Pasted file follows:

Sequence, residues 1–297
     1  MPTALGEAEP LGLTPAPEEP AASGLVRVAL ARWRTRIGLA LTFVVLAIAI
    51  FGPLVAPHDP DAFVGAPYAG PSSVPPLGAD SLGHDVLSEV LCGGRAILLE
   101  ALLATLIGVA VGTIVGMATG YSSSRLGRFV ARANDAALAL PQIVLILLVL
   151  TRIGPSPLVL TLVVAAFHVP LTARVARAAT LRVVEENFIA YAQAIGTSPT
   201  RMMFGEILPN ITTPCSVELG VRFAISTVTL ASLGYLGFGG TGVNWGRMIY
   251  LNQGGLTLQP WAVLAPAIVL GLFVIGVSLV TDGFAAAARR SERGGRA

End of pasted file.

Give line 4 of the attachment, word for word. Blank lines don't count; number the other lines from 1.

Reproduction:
   101  ALLATLIGVA VGTIVGMATG YSSSRLGRFV ARANDAALAL PQIVLILLVL